Houses in multiple occupation (HMOs)
If you live in a house or flat which is occupied by more than one household it may be classed as a house in multiple occupation (HMO). ‘Household’ means people who are living together as a family.
If the house or flat is an HMO, your landlord probably has extra legal responsibilities.
Do I live in an HMO?
You may be living in an HMO if you live in a house or flat that is:
- occupied by at least 3 contract holders, forming more than one household, and
- you share a toilet, bathroom or kitchen facilities with other contract holders.
This could include:
- a house split into separate bedsits
- a house or flat- share, where people have separate occupation contracts
- a hostel
- a bed-and-breakfast hotel that is not just for holidays
- students living in shared accommodation (although many halls of residence and other types of student accommodation that are owned by educational establishments are not classed as HMOs).
It is not always easy to work out whether you live in an HMO or not. If you’re not sure, get help.
What responsibilities does the landlord of an HMO have?
The landlord’s most important responsibilities are to ensure that:
- the property is kept in good repair
- the property is kept in a safe condition
- the property is fit to live in
- proper fire safety measures are in place
- annual gas safety checks are carried out
- electrics are checked every 5 years
- the property is not overcrowded.
These rules exist to ensure that people living in HMOs have access to decent facilities, and to reduce the risk of fire. If you are experiencing problems contact the environmental health department of your local council and they may assess your property under The Housing Health Safety Rating System. This aims to ensure that your home doesn’t have any serious hazards, and allows a council to take action against landlords whose properties are dangerous.
You can find out more about repairs if you have a private landlord here.
Does my landlord need a licence?
There are three types of licensing scheme for HMOs in Wales. Licensing schemes are designed to improve the standards of HMOs by placing certain obligations on landlords and agents:
Rent Smart Wales
Any private landlord of a property (including an HMO) must be registered with the Rent Smart Wales scheme.
In addition, whoever does the letting and management of the property must be licensed under the Rent Smart Wales scheme. This might be the landlord, the agent or both (if there is a split of responsibilities for letting and management). To obtain a licence the landlord or agent will need to pay a fee, declare that they are a ‘fit and proper’ person, and attend training about their rights and responsibilities.
A landlord can face penalties, including prosecution, if they are not registered and/or licensed with the scheme.
Many people living in HMOs have a standard occupation contract. If you have a standard occupation contract and your landlord or agent has not registered with the scheme, any possession notice your landlord gives you is not valid.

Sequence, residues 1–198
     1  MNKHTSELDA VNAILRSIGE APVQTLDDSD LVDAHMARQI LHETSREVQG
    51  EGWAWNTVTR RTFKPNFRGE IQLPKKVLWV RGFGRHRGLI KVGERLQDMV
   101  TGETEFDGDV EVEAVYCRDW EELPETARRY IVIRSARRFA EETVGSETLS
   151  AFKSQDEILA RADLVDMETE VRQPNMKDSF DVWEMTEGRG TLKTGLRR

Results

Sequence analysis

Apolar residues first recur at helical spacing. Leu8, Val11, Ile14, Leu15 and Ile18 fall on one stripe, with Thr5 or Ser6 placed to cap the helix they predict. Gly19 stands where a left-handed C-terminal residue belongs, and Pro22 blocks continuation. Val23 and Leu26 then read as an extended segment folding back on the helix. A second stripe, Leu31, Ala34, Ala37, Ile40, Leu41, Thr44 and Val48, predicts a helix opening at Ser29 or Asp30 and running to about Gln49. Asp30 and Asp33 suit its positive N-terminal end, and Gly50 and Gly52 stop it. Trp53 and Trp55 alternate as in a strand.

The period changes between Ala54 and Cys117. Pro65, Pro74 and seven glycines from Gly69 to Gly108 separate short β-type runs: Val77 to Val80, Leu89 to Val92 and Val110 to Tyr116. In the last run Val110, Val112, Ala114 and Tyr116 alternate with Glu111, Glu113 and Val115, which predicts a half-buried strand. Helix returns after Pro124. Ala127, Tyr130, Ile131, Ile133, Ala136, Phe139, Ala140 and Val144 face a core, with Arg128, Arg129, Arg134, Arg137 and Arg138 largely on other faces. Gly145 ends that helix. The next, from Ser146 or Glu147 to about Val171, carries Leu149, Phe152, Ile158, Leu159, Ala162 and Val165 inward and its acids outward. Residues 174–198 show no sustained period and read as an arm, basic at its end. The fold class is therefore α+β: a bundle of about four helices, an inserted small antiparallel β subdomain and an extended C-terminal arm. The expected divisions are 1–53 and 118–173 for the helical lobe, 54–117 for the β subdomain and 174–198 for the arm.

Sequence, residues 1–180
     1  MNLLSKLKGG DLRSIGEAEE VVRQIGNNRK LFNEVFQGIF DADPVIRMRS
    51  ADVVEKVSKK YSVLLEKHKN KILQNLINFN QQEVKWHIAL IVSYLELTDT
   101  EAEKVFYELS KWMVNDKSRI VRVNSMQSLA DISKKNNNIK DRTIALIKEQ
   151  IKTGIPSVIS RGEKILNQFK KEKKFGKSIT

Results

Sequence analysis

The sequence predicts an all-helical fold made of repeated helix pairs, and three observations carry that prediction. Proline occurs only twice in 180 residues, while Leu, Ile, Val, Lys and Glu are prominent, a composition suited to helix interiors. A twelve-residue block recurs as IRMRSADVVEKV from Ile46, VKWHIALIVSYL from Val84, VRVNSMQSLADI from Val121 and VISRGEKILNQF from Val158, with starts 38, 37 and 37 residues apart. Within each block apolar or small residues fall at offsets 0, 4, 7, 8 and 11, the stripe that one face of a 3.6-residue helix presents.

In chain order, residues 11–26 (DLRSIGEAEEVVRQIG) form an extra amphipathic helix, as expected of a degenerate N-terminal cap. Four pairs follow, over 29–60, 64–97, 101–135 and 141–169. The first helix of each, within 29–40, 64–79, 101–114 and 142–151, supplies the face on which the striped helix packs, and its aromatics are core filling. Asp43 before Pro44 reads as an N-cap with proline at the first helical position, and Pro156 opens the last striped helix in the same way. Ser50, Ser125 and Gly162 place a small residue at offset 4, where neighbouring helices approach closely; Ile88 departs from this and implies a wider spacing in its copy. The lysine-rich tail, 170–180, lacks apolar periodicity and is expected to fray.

For more information on the Rent Smart Wales scheme see our page on Landlord registration and licensing.
In addition to complying with the Rent Smart Wales scheme, your landlord must apply to their local council for a licence to rent out your property as an HMO if:
- it is at least three storeys high;
- contains five or more people;
- has 2 or more households living in it;
- contract-holders share toilet, bathroom or kitchen facilities.
The council will decide if a property meets an acceptable standard and is well managed before registering the property as an HMO. Your landlord will need a separate licence for each HMO it owns.
A landlord can be prosecuted and fined for renting out an unlicensed HMO.
If you’re a standard contract-holder and the HMO should be licensed but isn’t, any possession notice your landlord gives you is not valid.
Local councils can also choose to insist that other smaller HMOs in specific areas be licensed.
Check with your local council to find out what the requirements are in your area and if your landlord has registered your home as an HMO.
What can I do if my landlord doesn’t comply?
If you live in an HMO and you think your landlord is not fulfilling her/his responsibilities, contact Rent Smart Wales or your local council. The environmental health department at the council are normally responsible for dealing with complaints about HMOs.
The council can prosecute landlords of HMOs (or any manager they have employed) if they break the law. In extreme cases, the council can take over the management of the property.
Restrictions on eviction
If your landlord should have a licence but doesn’t, they can’t give you a ‘no fault’ notice to end your contract. However they may be able to give you a ‘with grounds’ notice, for example if you are at least 2 months behind with rent.